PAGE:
few critical injuries is a minor miracle. Second, the CTA can now make the
proper corrections to its emergency braking system, which will hopefully
prevent this from happening again.

If you
or someone you love has been injured in a CTA train accident, Chicago busaccident or Chicago car crash, then call Chicago personal injury attorney,
Aaron Bryant, for a free legal consultation at 312-614-1076.

Chicago Paving Way For More Bike Lanes

It’s been a year or two
since I have written about bike lanes in Chicago. As I mentioned in the past,
Chicago has been at the forefront in carving out bike only lanes. Specifically,
a long stretch of Dearborn Street in Chicago’s loop is specified for
bicyclists. The Chicago Tribune reported last week that more
“bike only” lanes are coming to the city this spring. 

 On
the North Side, a lane is planned for North Broadway Avenue between Montrose
and Foster avenues. In the Loop, Harrison Street will get a bike lane from
Desplaines Street to Wabash Avenue. On the West Side, a lane is scheduled to go
in on Lake Street from Austin Boulevard to Central Park Avenue.

In
addition, the city plans 15 more miles of buffer-protected bike lanes this
spring. The painted lanes are planned for California Avenue between Augusta
Boulevard and North Avenue; Street from 26th to 31st streets and Stony Island
Avenue from 56th to 63rd streets, according to transportation
officials.

The
city also is in the planning phase for 30 more miles of bike projects for the
end of this year and early 2015, including Randolph Street from Michigan Avenue
to the lakefront trail

This
is a great move by the city as we know that vehicle traffic in Chicago is some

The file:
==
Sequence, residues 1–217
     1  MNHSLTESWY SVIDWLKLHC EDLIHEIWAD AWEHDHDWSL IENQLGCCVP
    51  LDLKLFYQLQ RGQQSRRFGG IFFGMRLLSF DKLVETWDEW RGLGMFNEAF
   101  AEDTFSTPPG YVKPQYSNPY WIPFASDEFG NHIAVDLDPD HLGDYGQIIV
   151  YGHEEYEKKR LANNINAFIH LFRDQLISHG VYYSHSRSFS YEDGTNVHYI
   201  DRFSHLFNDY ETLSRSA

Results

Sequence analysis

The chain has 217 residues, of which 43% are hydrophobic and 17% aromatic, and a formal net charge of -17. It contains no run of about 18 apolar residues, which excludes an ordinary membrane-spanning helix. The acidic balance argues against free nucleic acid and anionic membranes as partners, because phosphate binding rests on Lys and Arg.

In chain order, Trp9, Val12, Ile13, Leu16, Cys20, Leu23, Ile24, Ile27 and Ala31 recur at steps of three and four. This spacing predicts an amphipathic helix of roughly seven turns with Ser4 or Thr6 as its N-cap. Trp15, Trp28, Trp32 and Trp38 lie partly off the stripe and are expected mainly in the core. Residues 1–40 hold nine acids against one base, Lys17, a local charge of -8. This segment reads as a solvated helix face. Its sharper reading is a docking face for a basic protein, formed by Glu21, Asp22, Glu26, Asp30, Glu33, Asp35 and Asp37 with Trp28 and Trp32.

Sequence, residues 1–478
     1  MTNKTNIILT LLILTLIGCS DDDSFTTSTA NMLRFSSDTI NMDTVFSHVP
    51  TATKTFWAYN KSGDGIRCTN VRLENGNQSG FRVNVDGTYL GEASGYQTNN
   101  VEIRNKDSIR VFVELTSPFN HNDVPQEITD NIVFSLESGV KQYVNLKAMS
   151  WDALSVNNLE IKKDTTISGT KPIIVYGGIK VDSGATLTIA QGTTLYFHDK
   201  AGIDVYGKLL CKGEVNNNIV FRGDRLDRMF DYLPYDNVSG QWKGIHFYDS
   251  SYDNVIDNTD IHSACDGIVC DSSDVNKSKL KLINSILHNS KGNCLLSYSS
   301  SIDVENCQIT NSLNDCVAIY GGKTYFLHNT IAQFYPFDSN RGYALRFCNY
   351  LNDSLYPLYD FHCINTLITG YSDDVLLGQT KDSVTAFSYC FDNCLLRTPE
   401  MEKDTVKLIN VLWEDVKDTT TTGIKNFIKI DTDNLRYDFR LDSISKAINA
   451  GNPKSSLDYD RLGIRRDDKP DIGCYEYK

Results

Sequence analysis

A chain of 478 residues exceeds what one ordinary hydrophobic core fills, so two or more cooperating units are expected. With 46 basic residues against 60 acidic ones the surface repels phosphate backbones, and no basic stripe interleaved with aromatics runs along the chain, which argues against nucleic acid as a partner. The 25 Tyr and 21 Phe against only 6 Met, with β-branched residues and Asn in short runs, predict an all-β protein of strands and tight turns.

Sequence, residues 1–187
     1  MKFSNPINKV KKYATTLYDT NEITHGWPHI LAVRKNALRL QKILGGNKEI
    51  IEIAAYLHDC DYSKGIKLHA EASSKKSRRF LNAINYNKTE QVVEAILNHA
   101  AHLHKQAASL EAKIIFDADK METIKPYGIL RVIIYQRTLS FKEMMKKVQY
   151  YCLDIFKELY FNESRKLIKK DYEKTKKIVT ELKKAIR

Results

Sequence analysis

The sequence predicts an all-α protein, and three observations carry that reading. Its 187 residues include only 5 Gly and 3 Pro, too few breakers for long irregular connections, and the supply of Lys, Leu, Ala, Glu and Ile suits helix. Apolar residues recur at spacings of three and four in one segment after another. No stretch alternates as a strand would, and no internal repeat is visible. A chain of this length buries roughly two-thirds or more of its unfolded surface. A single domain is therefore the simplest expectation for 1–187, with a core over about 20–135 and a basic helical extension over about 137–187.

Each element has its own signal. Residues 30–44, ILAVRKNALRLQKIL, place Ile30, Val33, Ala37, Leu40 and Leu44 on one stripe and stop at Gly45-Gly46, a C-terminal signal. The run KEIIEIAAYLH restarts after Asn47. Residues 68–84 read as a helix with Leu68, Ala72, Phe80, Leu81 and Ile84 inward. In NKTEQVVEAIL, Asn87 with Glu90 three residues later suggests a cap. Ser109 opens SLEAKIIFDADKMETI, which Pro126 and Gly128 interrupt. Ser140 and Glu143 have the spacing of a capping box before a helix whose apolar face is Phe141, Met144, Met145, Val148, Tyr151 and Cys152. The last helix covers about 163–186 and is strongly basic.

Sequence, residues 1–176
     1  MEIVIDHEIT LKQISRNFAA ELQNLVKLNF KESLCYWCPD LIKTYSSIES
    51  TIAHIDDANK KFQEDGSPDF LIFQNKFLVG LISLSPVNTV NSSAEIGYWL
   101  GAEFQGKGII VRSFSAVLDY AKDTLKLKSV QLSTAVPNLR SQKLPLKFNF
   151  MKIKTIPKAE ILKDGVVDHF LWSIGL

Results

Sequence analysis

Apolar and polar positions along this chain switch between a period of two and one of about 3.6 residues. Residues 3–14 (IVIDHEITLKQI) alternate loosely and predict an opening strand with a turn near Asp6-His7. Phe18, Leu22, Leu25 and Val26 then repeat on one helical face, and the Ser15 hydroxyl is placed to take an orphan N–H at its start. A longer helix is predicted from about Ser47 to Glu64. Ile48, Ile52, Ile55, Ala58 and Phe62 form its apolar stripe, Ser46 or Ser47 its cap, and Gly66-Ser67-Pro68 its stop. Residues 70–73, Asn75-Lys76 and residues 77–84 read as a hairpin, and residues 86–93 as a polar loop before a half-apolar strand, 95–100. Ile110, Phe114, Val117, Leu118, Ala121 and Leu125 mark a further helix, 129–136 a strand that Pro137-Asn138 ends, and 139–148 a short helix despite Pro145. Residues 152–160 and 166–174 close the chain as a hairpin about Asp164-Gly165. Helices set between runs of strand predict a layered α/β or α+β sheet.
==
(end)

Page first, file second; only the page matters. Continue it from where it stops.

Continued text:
of the worst in the city. The fewer cars on the road the better for everyone.
But both drivers and bicyclists need to be wary of each other by following all
the traffic laws and respecting each others’ space. Bicycle accidents can be
some of the most dangerous and deadly, so bikers and drivers are better off
proceeding with caution when driving near each other in the busy downtown loop. 

If you or someone you know has been injured in a Chicago bicycle accident or Chicago car crash, then call Chicago personal injury attorney, Aaron Bryant, for a free legal consultation at 312-614-1076 for a free legal consultation. 

Train Operator Involved In Blue Line Crash Fired By The CTA

The CTA Blue Line crash which occurred last Monday at O’Hare airport has been all over the news the last few weeks. One area of contention that I discussed earlier this week was the condition of the train operator at the time of the train accident. There were conflicting reports on how many hours she had worked in the days prior to the crash. The operator freely admitted to National Traffic Safety Board (“NTSB”) that she had dozed off prior to the crash and that she had also nodded off to sleep back while working back in February. Well, the New York Daily News is reporting today that the train operator has been fired. It is unclear whether this will affect the lawsuits that have been filed against the CTA on behalf of some of the injured passengers. The NTSB is also awaiting investigation results on why the emergency braking systems did not stop the train immediately prior to the accident. I’m sure there will be more news to report in the weeks to come on this always changing case.

If you or someone you love has been injured in a Chicago train accident, Chicago bus accident or Chicago car crash, then call Chicago personal injury attorney, Aaron Bryant, for a free legal consultation at 773-456-8858.